Mario Bava’s A Bay of Blood opens with a shadowy figure placing a low-hanging noose around the neck of elderly Countess Federica Donati (Isa Miranda) and kicking the wheelchair out from under her. This would appear to be a giallo – that Italian subgenre of stylised whodunnits that Bava helped invent with his influential films The Girl Who Knew Too Much (1963) and Blood and Black Lace (1964) – yet there are also signs that Bava is heading in a new direction.
The killer may, like the villain in a classic giallo, appear in shadow, with face out of shot and hands covered in black gloves – but then the camera pulls up to reveal his face, much as Bava’s Hatchet for the Honeymoon, from the previous year, had made no attempt to conceal the identity of its killer – who was in fact also its protagonist. Then, in another twist of the knife, as the Countess’ killer, who we later learn is her playboy husband Filippo (Giovanni Nuvoletti), lays out a falsified suicide note for the Countess, he too is killed by an unseen assailant. That is a double-murder (and a pair of murderers) in just the opening few minutes of A Bay of Blood – and there will be many more of both, as the film’s baroque body count is nearly matched by the sheer number of its killers, in a pass-the-parcel clusterfuck of conflicting interests and crossed purposes that would have done the Coen brothers proud had they been old enough to watch this in 1971.
This sordid tale of multiple murders also comes with multiple titles. It was announced in Italy as Antefatto (‘Before the Fact’), but released as Ecologia del delitto (‘Ecology of Crime’), then withdrawn and rereleased under the new title Reazione a Catena (‘Chain Reaction’), and finally as Bahia de Sangre (Spanish for ‘Bay of Blood’) – all titles which resonate in different ways with the film’s themes. In America it was released as A Bay of Blood, then Twitch of the Death Nerve (a fantastic, if not entirely relevant, title), and finally, in an absurd attempt to capitalise on the recent success of Wes Craven’s 1972 feature debut, variously as Last House on the Left – Part II, Last House – Part II and New House on the Left. Bava’s film may share with Craven’s a vague interest in the shallow veneer of human civilisation, and in how little it takes to push us into savagery, but far from being a story of rape-revenge, it tracks disputes between the Countess’ extended family over her legacy (her house, and the woodland and bay beyond), and between local residents over the future of these natural environs.
When in horror mode, Bava has always been a filmmaker of eyes, and here there are eyes everywhere. The Countess’ manorhouse, the neighbouring home of eccentric entomologist Paolo Fossati (Leopoldo Trieste) and his tarot-reading wife Anna (Laura Betti), the nearby residence of ambitious architect Franco Ventura (Chris Avram) and the hut of the Countess’s illegitimate son Simon (Claudio Volonté) are all within sight of one another – and everyone is watching and being watched, while those who are not scoping out their next victims are compromising themselves as potential eyewitnesses in need of elimination – like the four doomed co-eds (Brigitte Skay, Paola Montenero, Guido Boccaccini, Roberto Bonanni) who wander into this area looking for fun, without realising that they have entered an elaborate crime scene.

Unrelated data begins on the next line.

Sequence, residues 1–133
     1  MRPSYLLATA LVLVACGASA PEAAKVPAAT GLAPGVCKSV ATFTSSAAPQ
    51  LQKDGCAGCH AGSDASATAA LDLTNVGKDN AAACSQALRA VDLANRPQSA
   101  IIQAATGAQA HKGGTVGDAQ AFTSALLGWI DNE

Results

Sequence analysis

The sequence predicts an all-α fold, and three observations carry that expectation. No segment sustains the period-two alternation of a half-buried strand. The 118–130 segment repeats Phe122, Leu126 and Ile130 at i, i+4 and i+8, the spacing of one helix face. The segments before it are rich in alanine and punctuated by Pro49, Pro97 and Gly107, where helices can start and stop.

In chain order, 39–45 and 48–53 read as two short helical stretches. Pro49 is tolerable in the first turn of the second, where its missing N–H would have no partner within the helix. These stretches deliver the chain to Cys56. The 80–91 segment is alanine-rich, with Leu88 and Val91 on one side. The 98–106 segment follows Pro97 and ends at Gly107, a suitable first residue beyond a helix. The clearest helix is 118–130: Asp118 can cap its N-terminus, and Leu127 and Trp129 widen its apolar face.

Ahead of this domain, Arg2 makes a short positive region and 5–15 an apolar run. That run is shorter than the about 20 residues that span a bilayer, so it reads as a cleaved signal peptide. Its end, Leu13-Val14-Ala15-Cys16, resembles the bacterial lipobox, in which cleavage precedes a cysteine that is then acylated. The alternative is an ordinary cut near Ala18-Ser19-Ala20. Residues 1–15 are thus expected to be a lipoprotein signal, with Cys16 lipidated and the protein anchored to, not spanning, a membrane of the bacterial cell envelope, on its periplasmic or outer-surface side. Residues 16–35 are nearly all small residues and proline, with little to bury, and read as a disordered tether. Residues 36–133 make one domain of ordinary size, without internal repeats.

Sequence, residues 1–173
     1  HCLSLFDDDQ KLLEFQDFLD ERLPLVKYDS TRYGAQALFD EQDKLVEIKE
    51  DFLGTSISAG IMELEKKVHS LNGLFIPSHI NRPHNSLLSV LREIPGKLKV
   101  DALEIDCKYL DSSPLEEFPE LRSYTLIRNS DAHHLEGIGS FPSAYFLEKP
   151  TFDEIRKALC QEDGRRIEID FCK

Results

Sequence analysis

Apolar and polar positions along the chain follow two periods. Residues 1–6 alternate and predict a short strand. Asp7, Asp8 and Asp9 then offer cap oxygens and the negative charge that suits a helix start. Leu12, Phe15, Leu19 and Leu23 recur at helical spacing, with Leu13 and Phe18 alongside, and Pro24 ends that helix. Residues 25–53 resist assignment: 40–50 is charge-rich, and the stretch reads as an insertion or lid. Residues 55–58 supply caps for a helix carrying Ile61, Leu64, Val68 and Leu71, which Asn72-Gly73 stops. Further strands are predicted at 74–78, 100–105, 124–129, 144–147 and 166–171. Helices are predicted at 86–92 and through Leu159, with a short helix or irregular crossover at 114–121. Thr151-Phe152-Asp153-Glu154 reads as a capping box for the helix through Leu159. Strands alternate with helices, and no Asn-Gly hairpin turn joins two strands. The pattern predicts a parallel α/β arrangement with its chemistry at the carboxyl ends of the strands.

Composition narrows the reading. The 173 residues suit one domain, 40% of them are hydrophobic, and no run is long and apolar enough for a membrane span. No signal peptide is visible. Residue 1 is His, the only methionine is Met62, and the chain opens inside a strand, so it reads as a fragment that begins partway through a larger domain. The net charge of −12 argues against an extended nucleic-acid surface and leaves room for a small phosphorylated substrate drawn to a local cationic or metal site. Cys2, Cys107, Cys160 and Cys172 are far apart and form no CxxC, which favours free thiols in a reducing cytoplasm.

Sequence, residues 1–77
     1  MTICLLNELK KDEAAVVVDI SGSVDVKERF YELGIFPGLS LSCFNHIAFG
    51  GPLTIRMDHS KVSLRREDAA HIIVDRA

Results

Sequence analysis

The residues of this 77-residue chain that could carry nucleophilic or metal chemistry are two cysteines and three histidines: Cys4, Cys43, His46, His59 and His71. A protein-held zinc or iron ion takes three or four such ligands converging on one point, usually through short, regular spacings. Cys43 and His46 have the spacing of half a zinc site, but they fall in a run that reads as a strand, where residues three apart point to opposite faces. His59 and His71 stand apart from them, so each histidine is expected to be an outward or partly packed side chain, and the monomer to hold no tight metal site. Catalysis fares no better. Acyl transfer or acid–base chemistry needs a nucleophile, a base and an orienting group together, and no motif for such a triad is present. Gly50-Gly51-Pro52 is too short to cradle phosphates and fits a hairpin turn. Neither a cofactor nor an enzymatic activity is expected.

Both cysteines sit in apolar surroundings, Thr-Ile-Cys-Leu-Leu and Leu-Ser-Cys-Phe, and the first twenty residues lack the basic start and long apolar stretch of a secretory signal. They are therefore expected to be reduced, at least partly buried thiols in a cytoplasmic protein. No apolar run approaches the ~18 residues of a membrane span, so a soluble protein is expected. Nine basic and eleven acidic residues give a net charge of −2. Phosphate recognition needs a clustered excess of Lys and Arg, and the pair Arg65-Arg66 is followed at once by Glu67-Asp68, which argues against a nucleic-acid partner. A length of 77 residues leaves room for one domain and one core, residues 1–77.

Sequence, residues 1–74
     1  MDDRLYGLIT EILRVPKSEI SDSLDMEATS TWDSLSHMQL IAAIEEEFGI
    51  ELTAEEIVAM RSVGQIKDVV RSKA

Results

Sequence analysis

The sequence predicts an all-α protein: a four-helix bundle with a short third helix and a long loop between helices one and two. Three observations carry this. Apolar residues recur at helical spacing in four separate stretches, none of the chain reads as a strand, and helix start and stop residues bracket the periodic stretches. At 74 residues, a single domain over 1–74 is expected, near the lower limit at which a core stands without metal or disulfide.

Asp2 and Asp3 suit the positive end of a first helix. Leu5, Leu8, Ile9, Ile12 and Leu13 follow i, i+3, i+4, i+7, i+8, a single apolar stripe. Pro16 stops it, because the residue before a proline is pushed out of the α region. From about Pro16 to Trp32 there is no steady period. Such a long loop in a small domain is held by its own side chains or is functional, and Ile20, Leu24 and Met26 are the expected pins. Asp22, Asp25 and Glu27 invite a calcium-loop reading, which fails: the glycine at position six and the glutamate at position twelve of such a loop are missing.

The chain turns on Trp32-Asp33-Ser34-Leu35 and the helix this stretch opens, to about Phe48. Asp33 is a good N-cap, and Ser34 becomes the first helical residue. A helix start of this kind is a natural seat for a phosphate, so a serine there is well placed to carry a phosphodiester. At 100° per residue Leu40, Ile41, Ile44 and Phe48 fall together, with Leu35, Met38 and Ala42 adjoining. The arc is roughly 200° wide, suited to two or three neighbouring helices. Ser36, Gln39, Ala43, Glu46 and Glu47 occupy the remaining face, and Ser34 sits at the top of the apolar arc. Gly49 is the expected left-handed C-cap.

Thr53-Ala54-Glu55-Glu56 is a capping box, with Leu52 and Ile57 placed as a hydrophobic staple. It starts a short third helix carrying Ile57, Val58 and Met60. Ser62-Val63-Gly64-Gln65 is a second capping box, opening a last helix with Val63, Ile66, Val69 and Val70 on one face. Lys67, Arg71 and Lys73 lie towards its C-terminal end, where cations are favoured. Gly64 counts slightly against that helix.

The focus on a gorily grotesque bodycount (listen carefully, and you will hear the exact number of dead in the film being predicted by one of Anna’s tarot cards) would have a profound influence on the future slasher genre, while those early scenes of young people being stalked and slaughtered in a waterside setting would particularly foreshadow the Friday the 13th franchise (for example, 1981’s Friday the 13th Part 2 also featured a machete in the face, and two sexually entangled lovers skewered by a single weapon). Bava, though, dispenses with this quartet of interlopers quickly, preferring to focus on the complicated machinations of the locals, and of the Countess’ estranged stepdaughter Renata (Claudine Auger) returning with husband Albert (Luigi Pistilli) to claim her branch on the family tree. With backstories revealed in flashback, and different characters’ plots colliding messily to confound one another and leave a trail of corpses, the narrative of A Bay Of Blood is certainly convoluted – but what emerges from the chaos is a cynical vision of people undone by their own baser instincts of greed and violence.
“Children should stay with their parents,” says Albert, surprised at how willing his wife Renata is to leave their young son and daughter alone while pursuing her own legacy and its associated monetary reward. As the film’s shocking final scenes will show, these children too have been watching as much as everyone else, and learning from the aberrant conduct of the adults around them. This cycle of malice and murder is their inheritance, far more than any property left by the Countess. This is a brutal, bludgeoning film, utterly misanthropic in its outlook, and all the better for its refusal to compromise in exposing human nature at its ugly, imitable worst.
© Anton Bitel